Monday, July 27, 2009
I know I've been somewhat neglectful of posting regularly on this here blog, but it's been a busy summer for me. After being unemployed most of the first five months of this year, I'm now in the position of having three part-time jobs in order to make ends meet. Yeah, it sucks, but what can I do? Well, at least I've got a bit of a cash flow to enable me to buy more records and CDs to post on Record Fiend. Obviously, the frequency of my posts will continue to be sporadic, but at least I will continue to have new items to upload for your listening pleasure.
One thing I have been working on over the last couple of months are some articles based on interviews I conducted with the world's greatest living oud player John Berberian after I saw him in concert in Worcester, Massachusetts back in April. One article will appear in one of my all-time favorite publications, Ugly Things, early next year, issue number 30 to be exact. I'm trying to get the other, shorter piece published in another periodical. While the proposal was approved, I'm awaiting word on whether or not the final product will be published. Both will be written under a nom de plume, of course.
Oh, yeah... the title of this post. I noticed earlier this month that the "Search Blog" function no longer seems to work here. The problem does not seem to be an isolated incident based on what I've been reading on Google forums and such. I contacted the proper authorities about it. Hopefully, Google/Blogger will rectify the situation, but I still wouldn't mind receiving suggestions on how to deal with this malfunction from other sources. Has this problem affected anyone else's blog out there? Can any more technically astute, computer-friendly types who might follow Record Fiend impart any sage advice upon me how to fix this problem?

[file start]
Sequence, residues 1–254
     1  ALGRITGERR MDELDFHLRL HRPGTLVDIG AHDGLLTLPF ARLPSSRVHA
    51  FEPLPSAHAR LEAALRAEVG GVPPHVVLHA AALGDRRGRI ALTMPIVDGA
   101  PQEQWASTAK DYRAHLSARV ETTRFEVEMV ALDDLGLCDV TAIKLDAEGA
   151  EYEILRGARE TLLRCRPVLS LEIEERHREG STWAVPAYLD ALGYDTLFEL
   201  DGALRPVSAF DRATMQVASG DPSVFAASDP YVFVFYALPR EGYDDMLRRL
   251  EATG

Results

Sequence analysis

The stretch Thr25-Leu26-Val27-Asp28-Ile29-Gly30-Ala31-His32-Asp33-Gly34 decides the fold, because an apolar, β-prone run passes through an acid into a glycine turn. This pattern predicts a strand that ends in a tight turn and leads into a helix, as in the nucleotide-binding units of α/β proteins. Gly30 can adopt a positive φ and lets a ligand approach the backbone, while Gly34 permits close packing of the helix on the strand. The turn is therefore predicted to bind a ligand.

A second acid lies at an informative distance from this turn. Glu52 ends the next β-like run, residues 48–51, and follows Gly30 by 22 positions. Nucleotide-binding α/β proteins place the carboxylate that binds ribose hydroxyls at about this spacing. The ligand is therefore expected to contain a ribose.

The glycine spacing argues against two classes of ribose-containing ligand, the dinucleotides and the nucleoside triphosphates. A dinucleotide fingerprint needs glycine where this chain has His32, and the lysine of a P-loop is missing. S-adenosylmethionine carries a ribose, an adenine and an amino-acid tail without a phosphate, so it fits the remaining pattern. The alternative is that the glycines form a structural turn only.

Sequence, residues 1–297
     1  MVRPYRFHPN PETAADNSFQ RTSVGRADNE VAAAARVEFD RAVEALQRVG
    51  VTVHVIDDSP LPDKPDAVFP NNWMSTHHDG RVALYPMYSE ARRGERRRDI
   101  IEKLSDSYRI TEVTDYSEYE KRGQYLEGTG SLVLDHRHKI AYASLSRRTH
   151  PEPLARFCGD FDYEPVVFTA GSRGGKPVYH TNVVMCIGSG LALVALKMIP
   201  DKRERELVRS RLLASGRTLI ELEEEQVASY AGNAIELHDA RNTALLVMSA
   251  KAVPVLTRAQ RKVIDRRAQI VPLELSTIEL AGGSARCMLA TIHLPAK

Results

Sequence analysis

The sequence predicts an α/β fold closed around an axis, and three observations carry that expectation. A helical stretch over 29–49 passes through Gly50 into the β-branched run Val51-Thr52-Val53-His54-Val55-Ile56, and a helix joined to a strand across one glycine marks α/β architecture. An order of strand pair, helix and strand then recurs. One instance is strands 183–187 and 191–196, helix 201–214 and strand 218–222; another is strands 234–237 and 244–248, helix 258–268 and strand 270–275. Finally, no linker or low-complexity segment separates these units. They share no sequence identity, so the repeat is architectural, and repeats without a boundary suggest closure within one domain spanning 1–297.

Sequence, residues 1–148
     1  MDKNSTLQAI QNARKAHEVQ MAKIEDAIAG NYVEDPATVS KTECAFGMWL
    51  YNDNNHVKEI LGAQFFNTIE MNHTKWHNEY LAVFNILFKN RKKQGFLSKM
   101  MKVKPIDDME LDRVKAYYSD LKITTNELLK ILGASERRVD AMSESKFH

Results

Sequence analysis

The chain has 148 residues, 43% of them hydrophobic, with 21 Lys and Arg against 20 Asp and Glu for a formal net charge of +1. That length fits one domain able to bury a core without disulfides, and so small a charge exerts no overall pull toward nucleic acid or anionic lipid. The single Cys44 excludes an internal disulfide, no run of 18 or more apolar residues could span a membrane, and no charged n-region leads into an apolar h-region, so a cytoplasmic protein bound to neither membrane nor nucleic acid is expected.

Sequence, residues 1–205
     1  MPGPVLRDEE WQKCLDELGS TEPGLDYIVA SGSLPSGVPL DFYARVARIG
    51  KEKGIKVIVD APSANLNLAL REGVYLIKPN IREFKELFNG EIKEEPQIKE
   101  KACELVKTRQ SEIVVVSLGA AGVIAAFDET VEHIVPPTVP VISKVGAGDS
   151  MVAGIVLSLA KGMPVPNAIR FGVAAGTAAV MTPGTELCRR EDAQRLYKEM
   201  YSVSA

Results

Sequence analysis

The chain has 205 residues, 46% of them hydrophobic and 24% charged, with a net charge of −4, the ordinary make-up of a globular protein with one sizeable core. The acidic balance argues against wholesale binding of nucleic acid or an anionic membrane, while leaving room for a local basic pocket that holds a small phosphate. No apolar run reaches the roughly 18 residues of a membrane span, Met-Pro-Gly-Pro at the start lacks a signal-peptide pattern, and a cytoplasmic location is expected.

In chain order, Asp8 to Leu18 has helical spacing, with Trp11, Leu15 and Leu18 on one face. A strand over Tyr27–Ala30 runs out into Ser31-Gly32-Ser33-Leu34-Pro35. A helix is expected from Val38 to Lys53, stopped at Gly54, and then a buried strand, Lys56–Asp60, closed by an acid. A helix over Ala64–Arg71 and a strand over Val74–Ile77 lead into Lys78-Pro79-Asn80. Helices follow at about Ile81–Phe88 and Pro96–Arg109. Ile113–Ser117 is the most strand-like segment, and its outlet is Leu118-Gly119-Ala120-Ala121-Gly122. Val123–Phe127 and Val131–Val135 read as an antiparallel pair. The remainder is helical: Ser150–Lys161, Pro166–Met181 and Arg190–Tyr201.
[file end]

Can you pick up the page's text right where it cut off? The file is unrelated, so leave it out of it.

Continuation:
Finally, props to the north star grassman and Ascending Currents for posting during my absence.
Red River Blues 1934-1943 compiles some absolutely fantastic blues and proto-blues recordings from the southeastern states made for the Archive of Folksong at the Library of Congress. While some of the musicians who appear on this CD easily fit into the East Coast Piedmont blues idiom, this collection also contains performances by Georgia string bands as well as examples of the little-documented prewar Florida blues traditions. As with many other Library of Congress recordings from the 1930s and 1940s, the sound quality is not always the greatest, but the artistic and historical value of the performances easily outweigh any sonic imperfections they may have.
ROGER MATTHEWS (HARMONICA, LEFT), WILLY FLOWERS
(GUITAR, CENTER), & BOOKER T. SAPPS (HARMONICA, RIGHT) -
BELLE GLADE, FLORIDA, JUNE 1935
(GUITAR, CENTER), & BOOKER T. SAPPS (HARMONICA, RIGHT) -
BELLE GLADE, FLORIDA, JUNE 1935